Moshe Safdie downsizing J’lem office

Architect's work includes Yad Vashem, Ben Gurion Airport and Rabin graves.

July 27, 2010 05:13
1 minute read.
JERUSALEM: RESETTLED upon its desolation

Jerusalem 311. (photo credit: Ariel Jerozolimski)

Famed architect Moshe Safdie, whose projects in the capital include the Mamilla Arlov Promenade leading to the Old City’s Jaffa Gate, will downsize the Jerusalem branch of of his architectural firm, Moshe Safdie and Associates Inc., The Jerusalem Post has learned.

According to a spokeswoman at the firm, the branch is undergoing a “reorganization” that will see a number of its employees transferred to other locations.

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Nonetheless, the spokeswoman stressed that move did not constitute the office’s closing, and that Safdie “has been thinking about [the reorganization] for awhile.”

“The project managers will remain,” she added. “And we will continue to work here full speed ahead – all of [Safdie’s] projects are continuing.”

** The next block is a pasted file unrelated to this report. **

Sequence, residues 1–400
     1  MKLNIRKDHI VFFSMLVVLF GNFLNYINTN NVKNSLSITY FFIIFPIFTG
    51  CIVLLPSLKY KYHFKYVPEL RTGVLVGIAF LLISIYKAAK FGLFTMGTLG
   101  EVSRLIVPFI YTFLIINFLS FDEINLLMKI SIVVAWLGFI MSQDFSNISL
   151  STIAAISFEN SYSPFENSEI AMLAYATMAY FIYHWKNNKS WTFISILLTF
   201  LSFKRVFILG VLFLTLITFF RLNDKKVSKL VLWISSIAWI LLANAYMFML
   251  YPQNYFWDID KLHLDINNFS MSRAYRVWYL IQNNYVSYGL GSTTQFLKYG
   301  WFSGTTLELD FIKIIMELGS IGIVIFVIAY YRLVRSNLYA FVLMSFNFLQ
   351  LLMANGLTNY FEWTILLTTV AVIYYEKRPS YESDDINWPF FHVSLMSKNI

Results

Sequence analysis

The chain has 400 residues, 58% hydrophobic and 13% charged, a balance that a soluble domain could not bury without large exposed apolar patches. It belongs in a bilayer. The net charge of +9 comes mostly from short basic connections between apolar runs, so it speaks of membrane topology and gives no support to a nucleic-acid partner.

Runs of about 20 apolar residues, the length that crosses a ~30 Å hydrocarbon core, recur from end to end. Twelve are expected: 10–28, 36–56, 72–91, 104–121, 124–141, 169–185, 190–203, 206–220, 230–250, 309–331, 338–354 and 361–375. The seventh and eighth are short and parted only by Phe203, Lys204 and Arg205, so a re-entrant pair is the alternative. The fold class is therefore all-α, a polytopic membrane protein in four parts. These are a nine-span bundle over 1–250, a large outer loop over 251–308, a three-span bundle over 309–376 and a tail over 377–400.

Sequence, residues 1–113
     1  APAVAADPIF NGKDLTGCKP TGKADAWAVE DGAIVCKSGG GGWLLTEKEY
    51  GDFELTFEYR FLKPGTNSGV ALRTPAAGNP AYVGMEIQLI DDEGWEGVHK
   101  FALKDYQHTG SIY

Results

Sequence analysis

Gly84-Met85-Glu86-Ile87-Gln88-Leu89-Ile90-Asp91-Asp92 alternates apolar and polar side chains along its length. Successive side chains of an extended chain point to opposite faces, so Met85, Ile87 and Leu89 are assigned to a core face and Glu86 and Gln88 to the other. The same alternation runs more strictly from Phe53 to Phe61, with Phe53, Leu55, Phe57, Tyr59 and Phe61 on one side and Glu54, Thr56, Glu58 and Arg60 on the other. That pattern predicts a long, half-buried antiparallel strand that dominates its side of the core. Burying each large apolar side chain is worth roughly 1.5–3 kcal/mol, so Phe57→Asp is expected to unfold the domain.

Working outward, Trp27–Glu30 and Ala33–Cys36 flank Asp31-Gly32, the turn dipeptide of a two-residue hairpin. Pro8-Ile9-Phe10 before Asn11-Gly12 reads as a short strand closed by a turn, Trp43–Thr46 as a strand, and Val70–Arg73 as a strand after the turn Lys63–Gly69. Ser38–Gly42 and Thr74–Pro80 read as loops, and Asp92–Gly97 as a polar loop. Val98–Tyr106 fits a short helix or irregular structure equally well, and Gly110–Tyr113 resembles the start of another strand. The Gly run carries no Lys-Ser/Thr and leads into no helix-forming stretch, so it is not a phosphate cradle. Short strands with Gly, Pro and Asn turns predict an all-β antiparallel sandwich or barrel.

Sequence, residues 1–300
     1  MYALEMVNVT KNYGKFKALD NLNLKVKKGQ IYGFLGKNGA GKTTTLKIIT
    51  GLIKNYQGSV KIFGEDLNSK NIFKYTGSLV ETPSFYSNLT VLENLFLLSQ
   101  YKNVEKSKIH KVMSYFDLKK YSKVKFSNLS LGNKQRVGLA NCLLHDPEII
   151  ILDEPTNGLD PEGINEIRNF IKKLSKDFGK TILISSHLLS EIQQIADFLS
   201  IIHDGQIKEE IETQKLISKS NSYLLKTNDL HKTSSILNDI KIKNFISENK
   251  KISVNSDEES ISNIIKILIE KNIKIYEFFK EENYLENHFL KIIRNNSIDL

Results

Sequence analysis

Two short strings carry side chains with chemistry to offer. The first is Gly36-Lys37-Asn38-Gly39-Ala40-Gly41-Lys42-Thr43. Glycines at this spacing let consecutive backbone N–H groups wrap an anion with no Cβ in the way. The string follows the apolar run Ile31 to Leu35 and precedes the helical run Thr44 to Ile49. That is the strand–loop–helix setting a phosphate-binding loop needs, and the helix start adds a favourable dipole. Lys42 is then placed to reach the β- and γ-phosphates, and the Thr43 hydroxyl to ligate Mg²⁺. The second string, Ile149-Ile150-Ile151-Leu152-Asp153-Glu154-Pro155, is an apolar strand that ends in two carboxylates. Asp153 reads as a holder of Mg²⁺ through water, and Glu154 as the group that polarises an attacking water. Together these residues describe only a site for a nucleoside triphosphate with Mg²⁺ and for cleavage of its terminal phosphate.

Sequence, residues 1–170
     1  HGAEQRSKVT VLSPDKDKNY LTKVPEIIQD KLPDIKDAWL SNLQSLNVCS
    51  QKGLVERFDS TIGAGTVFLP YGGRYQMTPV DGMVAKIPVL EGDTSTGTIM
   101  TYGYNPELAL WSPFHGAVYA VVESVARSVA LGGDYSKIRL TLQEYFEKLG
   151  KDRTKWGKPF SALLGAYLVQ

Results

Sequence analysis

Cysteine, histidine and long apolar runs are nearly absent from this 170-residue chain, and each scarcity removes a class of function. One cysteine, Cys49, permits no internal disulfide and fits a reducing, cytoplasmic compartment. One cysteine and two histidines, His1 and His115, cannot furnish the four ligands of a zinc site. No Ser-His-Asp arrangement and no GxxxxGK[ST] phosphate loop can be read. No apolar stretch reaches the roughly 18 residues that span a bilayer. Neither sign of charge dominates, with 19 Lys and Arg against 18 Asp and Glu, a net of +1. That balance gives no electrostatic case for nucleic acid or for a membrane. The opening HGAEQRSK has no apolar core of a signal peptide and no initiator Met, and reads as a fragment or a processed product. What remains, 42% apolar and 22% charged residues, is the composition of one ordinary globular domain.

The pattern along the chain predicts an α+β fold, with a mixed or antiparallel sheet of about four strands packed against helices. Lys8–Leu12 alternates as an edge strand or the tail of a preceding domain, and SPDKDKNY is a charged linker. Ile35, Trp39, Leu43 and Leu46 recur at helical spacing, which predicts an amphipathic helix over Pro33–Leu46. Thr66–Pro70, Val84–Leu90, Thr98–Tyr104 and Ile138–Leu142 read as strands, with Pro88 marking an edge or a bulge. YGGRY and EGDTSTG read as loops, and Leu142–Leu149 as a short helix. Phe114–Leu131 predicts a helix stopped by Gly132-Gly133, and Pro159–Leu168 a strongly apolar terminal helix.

Safdie, who was born in Haifa, but left with his family for Montreal as a teenager, has provided the vision for a wide array of successful architectural projects throughout the world, including within Israel.

Safdie’s ventures in the country have included the city plan for Modi’in, the new central museum at Yad Vashem in Jerusalem, sections of the Hebrew Union College in Jerusalem, the air-side building of Terminal 3 at Ben-Gurion Airport, and the graves of Yitzhak and Leah Rabin, in addition to David’s Village next to the capital’s Old City.

Safdie, who resides in Cambridge, Massachusetts, holds branches in Sommerville, Massachusetts, Jerusalem, Toronto and Singapore.

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